Check out our FAQ eBook
What does “child with a disability” mean?
The term "child with a disability" means a child with intellectual disability, hearing impairments (including deafness), speech or language impairments, visual impairments (including blindness), serious emotional disturbance (referred to as "emotional disturbance"), orthopedic impairments, autism, traumatic brain injury, other health impairments, or specific learning disabilities; and who, by reason thereof, needs special education and related services (34 CFR§ 300.8).
What is Child Find?
Child Find is a component of the Individuals with Disabilities Education Improvement Act (IDEA) 2004 that requires States and Local Education Agencies (school districts and charter schools) to identify, locate, and evaluate all children with disabilities residing in the State, regardless of the severity of their disabilities, and who are in need of special education and related services (34 CFR§ 300.111). Child Find is a continuous process of public awareness activities, screening and evaluation designed to locate, identify, and evaluate children with disabilities who are in need of Early Childhood Intervention (ECI) Programs (Part C) or Special Education and Related Services (Part B).
What happens if the student continues to struggle even with general education supports?
The parent(s) or legal guardian will be contacted by the local school district. The child may be referred for a full individual evaluation (FIE) to help determine eligibility for special education and related services. Parents/guardians and the school will decide if an evaluation is needed. The same group may develop an evaluation plan designed to assess areas of concern. If appropriate, an evaluation will be conducted by qualified school district/agency personnel. The parents and evaluation personnel will have a meeting to talk about evaluation results and eligibility for special education and related services.
What services may be available through special education?
Each child’s individual need(s) will be addressed on an individualized basis by a team consisting of: public agency representative, parent(s) or guardian, a person who can interpret evaluation, teacher(s), and the student (if appropriate). The team will review evaluation information, discuss eligibility, identify area(s) of need for specialized instruction, including related services (such as occupational therapy, physical therapy, or counseling) and develop a plan to fit the needs of the child.
Who do I contact?
If you are concerned about a child’s learning, contact your local school campus, district, or charter school. If you need help contacting your local school campus, district, or charter school, contact SPEDTex at 1-855-773-3839.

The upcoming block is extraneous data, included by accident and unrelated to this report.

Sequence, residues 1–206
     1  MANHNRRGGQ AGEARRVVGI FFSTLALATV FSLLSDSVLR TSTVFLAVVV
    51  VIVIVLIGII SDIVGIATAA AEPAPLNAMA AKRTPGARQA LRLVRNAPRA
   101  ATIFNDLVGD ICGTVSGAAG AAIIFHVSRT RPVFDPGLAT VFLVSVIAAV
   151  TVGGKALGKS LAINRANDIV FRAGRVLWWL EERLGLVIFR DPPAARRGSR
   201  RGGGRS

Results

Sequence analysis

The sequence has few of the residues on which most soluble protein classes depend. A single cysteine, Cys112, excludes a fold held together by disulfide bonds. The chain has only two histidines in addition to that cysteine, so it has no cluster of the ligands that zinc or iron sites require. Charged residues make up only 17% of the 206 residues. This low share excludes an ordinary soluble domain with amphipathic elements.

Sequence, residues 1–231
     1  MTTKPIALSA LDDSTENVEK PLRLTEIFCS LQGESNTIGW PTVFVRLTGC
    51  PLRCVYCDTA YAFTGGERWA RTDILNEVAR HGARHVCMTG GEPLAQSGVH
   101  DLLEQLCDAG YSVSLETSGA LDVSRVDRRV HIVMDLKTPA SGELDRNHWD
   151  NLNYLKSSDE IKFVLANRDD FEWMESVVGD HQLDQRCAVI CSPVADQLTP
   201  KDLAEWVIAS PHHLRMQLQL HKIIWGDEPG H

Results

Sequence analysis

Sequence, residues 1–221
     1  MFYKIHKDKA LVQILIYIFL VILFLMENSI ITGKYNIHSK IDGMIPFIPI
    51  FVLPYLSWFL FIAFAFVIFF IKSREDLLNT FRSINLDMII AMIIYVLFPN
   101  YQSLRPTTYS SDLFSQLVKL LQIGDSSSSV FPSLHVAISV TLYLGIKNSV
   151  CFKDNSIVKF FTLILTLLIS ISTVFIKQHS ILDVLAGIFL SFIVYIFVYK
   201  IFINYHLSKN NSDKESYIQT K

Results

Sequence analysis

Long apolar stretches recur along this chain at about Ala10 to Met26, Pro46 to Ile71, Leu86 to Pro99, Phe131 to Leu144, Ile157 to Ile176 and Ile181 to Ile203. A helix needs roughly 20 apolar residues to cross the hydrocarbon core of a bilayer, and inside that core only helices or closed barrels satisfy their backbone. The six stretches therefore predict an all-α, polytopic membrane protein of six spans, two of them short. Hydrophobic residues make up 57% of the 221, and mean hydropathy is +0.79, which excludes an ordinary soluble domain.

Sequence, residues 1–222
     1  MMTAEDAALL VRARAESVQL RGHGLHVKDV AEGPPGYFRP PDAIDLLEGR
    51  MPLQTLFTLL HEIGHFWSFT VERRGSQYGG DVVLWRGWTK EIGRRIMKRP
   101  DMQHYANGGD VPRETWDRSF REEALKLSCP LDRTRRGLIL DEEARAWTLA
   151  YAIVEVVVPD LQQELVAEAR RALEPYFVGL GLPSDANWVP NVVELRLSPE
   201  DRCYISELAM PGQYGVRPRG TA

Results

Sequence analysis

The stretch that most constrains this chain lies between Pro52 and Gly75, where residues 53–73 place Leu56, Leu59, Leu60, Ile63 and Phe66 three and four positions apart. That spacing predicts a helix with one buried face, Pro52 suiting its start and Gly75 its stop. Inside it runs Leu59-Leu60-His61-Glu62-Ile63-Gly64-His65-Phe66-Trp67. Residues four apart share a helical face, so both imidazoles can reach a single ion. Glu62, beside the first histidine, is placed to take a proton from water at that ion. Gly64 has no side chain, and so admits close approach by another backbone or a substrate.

How much do services cost?
All services provided by Local Education Agencies (school districts and charter schools) through IDEA 2004 (Part B) Special Education and Related Services (Part B) are at no cost to the individual or parents.
Who can begin the Child Find process?
Anyone can start the process: a parent/guardian, doctor, teacher, relative or friend can call their local school district Child Find. If you are concerned about a child’s learning, contact your local school campus, district, or charter school.
What do I do if I know of an infant, child, or adolescent who does not learn easily?
All individuals develop at their own pace but some have more difficulty than others. Early identification and intervention can prevent failure and frustration. Special attention to teaching and learning strategies may help individuals overcome barriers to learning. Often these strategies can be provided through general education programs. The Child Find Framework of the Legal Framework for the Child Centered Process (www.esc18.net ) provides additional information and outlines mandates.
Under the No Child Left Behind Act (NCLB), 2001, each LEA must have a district improvement plan developed to guide district and campus staff in the improvement of student performance for all student groups in order to attain state standards. The district improvement plan must include strategies for improvement of student performance such as: instructional methods designed based on the needs of student groups not achieving; processes for addressing the needs of children in special programs; integration of technology in instructional and administrative programs; positive behavior supports; staff development for educators; and accelerated instruction.